Hong Kong-based freight forwarder and logistics company, U-Freight says that while the crisis caused by the Covid-19 pandemic has caused a significant reduction in movements of aircraft spares, engines, stabilizers, landing gear, and electronics, its project activity for airline repair companies has been holding up somewhat.

Bill Rauld, sales manager, Latin America at U-Freight North America, says “aircrafts still flying will continue to go technical in remote parts of the world, or they may even be involved in relatively minor accidents such as a runway overshoot or heavy landing.”

Very often, there won’t be any alternative to repairing the plane in situ, and this can involve a major logistics operation, he adds.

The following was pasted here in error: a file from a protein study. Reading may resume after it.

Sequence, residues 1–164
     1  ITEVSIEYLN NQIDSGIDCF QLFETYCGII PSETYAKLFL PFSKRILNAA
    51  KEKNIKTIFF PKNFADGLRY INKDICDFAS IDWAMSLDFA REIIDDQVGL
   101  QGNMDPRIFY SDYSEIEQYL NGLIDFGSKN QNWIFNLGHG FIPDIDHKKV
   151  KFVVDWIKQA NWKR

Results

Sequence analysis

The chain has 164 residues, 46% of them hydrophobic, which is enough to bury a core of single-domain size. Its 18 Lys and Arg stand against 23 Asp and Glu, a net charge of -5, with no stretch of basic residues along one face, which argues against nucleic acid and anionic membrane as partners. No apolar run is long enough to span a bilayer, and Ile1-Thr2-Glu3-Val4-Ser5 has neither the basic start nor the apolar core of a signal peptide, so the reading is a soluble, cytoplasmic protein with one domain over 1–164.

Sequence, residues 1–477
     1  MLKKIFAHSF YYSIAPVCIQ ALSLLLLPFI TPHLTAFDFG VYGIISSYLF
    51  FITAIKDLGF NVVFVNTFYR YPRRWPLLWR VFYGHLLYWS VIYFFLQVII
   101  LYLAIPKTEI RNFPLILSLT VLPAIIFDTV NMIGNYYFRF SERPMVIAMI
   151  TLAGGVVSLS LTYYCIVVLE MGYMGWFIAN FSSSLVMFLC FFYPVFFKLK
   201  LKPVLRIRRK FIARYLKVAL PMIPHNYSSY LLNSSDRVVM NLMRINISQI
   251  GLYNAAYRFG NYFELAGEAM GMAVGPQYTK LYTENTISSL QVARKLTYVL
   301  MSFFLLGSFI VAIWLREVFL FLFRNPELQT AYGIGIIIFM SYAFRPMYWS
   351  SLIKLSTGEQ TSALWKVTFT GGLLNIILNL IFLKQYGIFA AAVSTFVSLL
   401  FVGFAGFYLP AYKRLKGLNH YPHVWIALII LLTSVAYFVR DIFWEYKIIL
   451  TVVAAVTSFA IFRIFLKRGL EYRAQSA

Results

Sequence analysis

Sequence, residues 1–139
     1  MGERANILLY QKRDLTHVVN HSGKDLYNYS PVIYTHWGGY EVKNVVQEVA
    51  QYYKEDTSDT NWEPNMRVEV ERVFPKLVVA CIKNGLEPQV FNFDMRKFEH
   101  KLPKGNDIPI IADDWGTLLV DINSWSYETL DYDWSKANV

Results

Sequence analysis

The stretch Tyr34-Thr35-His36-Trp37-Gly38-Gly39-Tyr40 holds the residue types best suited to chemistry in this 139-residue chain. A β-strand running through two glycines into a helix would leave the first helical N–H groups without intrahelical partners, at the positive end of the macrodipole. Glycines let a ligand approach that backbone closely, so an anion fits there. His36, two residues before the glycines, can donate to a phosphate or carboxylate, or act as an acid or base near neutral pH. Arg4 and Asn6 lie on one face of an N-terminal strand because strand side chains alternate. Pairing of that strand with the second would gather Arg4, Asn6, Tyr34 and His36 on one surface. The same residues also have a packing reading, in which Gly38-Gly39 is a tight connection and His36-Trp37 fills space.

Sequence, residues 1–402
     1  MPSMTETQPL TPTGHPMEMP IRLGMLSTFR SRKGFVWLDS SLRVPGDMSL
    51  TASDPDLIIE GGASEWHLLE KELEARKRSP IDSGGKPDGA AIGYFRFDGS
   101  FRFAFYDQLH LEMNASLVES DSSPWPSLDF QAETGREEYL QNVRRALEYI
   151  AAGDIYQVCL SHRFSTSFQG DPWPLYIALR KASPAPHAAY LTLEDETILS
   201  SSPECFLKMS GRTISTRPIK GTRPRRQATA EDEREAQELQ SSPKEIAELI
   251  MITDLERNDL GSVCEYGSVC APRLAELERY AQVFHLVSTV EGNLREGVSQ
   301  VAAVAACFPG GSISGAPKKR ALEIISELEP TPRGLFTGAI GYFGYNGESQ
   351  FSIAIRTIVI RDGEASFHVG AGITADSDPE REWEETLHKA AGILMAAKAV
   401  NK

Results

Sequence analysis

“We might have to send over portable hangars in, perhaps, three sea-freight containers, plus all the tools and so forth, in order to carry out the repair.”

In many circumstances, tools and materials, that have been involved in the repair of aircraft will then need to be returned to base.
Meanwhile, with the global airline industry in the grip of the Covid-19 crisis, the future for the aerospace market generally is “uncertain at best” says Rauld.

And even though many companies are using this time to update their avionics and do regular maintenance. “There are still opportunities, but they are becoming rarer and more competitive.

What is really needed, is for the travel restrictions and bans that governments have imposed around the world as a result of the crisis caused by Covid-19 to be lifted and for the world’s airlines to start flying again.

However, Rauld is under no illusions that this will be a quick or easy process. For a start, many aircraft will need to be recertified before they can take to the air again. Although this could generate a certain amount of spares movement for U-Freight, he believes.

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